It's safe to assume that you've stumbled upon the expressions visual acuity and 20/20 vision. As common as these terms are, do most people really know their meaning?
The term 20/20 is used to indicate the clarity of your eyesight from 20 feet away. If you have 20/20 vision, it means that from a distance of 20 feet you can see what should be seen from that distance. To give an extreme example, 20/100 eyesight would indicate that to see what most people can see from 100 feet, you would have be 20 feet away. Obviously, in this scenario, you would be very near sighted.
Each eye is evaluated on its own. When the optometrist asks you to read the letters on the eye chart, the smallest row that you are able to read clearly indicates the visual acuity in the eye being evaluated.
However 20/20 eyesight actually doesn't mean you have perfect vision, and that's because it only determines how good your vision is at a distance. There are lots of equally important components to seeing well; your ability to focus on objects that are close by, contrast sensitivity, peripheral awareness, eye coordination, depth perception and color vision - these are aspects of good vision. And actually, someone who has 20/20 vision can certainly still have unhealthy eyes. Even people who have damage to the retina as a result of glaucoma, diabetes, high blood pressure, or numerous other conditions are still able to have 20/20 vision, without the help of glasses. This is why your eye care professional will always carry out a comprehensive eye exam, as opposed to just a plain visual acuity test.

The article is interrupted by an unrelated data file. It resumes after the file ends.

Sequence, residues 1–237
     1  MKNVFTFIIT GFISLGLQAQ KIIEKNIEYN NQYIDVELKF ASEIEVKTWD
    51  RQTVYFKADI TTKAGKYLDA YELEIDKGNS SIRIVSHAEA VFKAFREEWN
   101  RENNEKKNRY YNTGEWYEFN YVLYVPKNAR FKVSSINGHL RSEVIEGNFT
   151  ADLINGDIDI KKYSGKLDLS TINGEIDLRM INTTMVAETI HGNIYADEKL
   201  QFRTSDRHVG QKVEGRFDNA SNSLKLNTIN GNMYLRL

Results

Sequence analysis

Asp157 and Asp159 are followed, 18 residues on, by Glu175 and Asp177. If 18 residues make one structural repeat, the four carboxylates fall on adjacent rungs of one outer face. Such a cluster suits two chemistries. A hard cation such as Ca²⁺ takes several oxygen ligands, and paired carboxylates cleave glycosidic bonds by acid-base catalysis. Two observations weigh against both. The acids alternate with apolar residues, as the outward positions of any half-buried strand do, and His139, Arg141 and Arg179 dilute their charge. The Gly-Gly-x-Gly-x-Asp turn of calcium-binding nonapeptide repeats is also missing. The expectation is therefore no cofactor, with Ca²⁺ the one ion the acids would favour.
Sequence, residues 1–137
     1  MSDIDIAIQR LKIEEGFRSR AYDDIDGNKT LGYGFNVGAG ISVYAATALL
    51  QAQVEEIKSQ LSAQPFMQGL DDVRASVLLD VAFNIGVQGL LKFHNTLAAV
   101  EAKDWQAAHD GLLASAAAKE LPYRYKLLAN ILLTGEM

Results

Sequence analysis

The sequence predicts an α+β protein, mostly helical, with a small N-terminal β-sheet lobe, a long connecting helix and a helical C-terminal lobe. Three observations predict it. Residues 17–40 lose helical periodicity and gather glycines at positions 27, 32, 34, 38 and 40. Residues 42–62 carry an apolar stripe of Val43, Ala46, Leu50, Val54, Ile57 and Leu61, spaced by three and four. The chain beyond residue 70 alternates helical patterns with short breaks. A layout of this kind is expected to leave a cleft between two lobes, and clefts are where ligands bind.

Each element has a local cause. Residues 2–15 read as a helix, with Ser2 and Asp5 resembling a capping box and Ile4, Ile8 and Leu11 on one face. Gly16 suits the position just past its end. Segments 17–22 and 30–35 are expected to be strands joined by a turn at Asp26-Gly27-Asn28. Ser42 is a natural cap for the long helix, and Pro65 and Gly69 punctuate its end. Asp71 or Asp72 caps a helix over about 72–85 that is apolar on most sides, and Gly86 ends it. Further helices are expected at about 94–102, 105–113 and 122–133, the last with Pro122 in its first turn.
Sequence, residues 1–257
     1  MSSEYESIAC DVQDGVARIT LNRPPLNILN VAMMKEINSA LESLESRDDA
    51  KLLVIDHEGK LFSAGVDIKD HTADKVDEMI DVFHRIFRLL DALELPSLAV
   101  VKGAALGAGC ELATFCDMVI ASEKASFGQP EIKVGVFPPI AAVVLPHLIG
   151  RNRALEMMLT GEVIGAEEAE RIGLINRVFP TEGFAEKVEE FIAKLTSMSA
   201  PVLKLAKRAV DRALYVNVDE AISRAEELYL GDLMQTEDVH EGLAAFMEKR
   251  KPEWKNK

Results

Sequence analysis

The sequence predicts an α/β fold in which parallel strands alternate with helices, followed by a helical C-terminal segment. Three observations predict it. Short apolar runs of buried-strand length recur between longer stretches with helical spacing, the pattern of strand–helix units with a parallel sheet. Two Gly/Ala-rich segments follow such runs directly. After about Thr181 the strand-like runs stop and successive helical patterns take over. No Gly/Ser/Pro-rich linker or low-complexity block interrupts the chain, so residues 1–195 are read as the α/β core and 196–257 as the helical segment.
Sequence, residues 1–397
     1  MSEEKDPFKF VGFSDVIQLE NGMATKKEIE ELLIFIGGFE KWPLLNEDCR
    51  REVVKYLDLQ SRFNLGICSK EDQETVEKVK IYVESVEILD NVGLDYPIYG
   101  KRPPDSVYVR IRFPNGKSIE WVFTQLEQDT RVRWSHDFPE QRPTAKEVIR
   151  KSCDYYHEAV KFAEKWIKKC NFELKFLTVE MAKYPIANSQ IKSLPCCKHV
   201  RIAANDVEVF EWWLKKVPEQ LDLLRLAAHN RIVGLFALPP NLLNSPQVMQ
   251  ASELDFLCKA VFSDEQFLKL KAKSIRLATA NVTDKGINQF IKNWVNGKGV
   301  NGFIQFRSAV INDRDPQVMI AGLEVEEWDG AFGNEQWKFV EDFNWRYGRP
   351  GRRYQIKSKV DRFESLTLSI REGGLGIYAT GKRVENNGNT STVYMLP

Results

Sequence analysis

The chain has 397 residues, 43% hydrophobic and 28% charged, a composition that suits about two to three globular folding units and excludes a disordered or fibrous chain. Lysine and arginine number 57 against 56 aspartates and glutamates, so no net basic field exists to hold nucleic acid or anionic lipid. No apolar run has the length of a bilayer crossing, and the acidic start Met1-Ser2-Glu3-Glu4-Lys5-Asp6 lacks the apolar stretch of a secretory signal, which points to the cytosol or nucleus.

During your next eye exam, you'll understand what we're testing for when we ask you to read letters from an eye chart!